British losses: RP eliminated; 3x 10*-13-5 rifle XX (1 Indian) and 9-12-5 rifle XX to cadre
German losses: RP eliminated; 12-14-5 rifle, 10-13-5 rifle, and 9-12-5 rifle XX’s to cadre

The Nafziger Collection

Before the advent of the Web, the name of George F. Nafziger was already a staple in wargaming circles. His work on the wars of the French Revolution and his collection of well-researched Orders so Battle, especially for the Napoleonic area, made him the first adress for anyone wargaming that time. Nafziger started to make singe OOBs available via the Internet in the Mid-Nineties, and his now rather weird looking website enabled visitors to order print-outs of selected battles and campaigns.

In 2010 Nafziger retired from publishing those OOBs and donated his whole collection to the public domain. It is currently hosted at the US Army’s CARL website. Additionally Alternatewars.com culled the complete archive and made it available as a collection of zipped archives for quicker access.

The Nafziger Collection itself contains orders of battle from 1600 to 1945 with over 7000 individual pdf files. What makes those files special is that the majority of them is based on archival sources, which are not easily accessible for mortal souls like us. Its depth and scope are unparalleled anywhere, and I can only highly reccomend taking a look, even if the access is a bit cumbersome.

Date: April, 23th 2012

URL: http://usacac.army.mil/cac2/cgsc/carl/nafziger.htm

Generalstab Updates, April 18th, 2012

The new navigation is up and running in English, too, though it does look less than optimal in Internet Explorer, and the language picker seems to be a little flawed – again. I need to work on that.

In other news, we’ve started a collection of interesting Links, and the armory is now exclusively dedicated to the Europa games (including, soon, TEM and various play aid kits). And yes, much remins to be done there, as a lot of games lack a proper descriptino and/or further ressources. As usual my ressources are not mathcing my ambitions.

Battalion Organisation during the Second World War

“Bayonetstrength 150” is the most knowledgeable website on bataillon sized units in second world war that we know of. Its name aptly describes focus and content: its all about organisation, training, equipment, and action of bataillion-sized units on the various battlefields of World War II. Its author, Gary Kennedy, not only manages to describe the theoretical structures of these fundamental buidling blocks of armies, but also captures the reality of their emplyoment and the subsequent changes that attrition and battle wear forced on them.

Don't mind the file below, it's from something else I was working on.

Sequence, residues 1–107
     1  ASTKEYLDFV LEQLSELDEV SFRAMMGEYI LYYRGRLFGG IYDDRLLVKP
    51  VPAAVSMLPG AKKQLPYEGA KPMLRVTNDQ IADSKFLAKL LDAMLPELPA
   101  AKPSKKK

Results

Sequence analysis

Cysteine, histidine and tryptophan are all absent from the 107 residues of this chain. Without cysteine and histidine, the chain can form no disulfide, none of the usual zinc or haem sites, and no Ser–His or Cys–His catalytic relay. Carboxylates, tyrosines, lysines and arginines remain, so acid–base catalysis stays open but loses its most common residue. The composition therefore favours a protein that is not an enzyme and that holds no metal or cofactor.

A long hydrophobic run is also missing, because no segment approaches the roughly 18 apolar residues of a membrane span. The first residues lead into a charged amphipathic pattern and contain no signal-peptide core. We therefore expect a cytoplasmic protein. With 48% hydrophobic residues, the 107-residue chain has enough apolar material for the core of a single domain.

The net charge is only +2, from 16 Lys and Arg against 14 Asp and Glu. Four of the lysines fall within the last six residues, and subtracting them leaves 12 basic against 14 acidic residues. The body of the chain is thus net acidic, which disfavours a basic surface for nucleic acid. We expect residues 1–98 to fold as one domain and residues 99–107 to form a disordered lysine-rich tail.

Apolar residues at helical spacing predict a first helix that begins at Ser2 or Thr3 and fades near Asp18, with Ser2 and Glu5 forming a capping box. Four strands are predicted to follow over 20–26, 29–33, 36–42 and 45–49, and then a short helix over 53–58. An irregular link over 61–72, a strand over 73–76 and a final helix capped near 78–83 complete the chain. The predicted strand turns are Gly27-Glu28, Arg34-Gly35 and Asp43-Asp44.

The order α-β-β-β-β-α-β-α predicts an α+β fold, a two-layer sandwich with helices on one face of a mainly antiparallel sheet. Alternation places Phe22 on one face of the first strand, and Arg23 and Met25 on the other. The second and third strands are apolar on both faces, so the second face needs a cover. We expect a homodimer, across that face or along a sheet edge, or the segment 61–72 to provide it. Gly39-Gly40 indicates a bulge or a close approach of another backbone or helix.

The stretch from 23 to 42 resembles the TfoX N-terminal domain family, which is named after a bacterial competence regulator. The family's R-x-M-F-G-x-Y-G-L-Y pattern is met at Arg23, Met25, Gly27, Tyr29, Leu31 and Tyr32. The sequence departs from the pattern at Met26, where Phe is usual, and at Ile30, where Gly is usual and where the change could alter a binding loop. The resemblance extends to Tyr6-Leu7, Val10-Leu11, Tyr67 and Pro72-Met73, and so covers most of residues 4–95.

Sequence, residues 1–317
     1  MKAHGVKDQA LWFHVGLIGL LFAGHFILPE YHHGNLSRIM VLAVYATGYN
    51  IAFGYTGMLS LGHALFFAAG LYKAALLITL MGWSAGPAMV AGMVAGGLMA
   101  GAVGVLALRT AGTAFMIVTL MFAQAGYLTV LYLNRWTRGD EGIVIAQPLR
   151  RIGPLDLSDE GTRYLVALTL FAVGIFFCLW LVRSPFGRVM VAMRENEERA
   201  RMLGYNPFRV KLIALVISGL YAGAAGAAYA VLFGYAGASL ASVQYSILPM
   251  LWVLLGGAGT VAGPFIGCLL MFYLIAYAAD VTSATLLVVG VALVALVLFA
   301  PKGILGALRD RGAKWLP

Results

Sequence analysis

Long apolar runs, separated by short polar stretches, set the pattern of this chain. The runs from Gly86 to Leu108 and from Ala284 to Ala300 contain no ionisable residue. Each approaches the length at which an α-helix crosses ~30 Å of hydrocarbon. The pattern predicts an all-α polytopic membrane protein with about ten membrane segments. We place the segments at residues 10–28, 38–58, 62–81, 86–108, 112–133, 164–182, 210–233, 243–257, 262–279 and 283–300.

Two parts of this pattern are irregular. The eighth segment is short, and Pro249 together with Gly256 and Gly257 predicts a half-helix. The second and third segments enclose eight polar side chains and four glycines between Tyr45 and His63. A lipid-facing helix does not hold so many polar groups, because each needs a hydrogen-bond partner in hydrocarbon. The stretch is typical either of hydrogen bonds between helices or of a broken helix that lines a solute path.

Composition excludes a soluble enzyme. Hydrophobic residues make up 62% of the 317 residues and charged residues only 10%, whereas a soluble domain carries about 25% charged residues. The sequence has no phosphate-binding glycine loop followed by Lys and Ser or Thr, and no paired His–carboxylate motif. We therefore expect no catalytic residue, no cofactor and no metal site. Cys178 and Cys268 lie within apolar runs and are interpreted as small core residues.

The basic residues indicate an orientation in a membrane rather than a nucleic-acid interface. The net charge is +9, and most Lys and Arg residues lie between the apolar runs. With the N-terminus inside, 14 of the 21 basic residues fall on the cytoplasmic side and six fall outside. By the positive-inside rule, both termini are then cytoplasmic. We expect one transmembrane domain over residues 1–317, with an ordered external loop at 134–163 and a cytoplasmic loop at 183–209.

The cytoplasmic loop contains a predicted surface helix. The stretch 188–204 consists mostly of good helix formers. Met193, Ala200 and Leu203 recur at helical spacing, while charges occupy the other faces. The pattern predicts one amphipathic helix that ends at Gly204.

Based on a prolific bibliography on the subject Kennedy manages to describe the close interaction between organisation, equipment, and training in a way that makes it accessible even for laymen.

The page is spartan and in simple HTML, the only compromise to usability is the color coding of various sections. A host of index-pages and introductions lead to some redundancy, but ensure the reader never feels lost. A must-read for anyone interested in the topic of tactical combat in World War II.

Date: April 18th, 2012

URL: http://www.bayonetstrength.150m.com/index.htm

Generalstab Updates, April 17th, 2012

I am rapidly improving the site right now, at least it looks like that to me. From the outside, it probably gives the impression that I’m making a mess of things. I managed to plug the great navigation presented by Guillaume Marty on NetTut+ into the german version of the site, and will work on the english part today. A lot still remains to be done, but slowly am inclined to call what I have assembled here of bits and pieces a flatfile CMS. In any case I think the site will improve visibly in the next days.

Generalstab Updates, April 12th, 2012

I started working on the website again some days ago. The most noticable change will be font sizes – I found it uncomfortable to read longer articles with the standard font size. Now I am expanding the german glossary and have also started assembling an english glossary, which has since grown to potentially take over the whole “arsenal” section, depending on how much time I find in the future.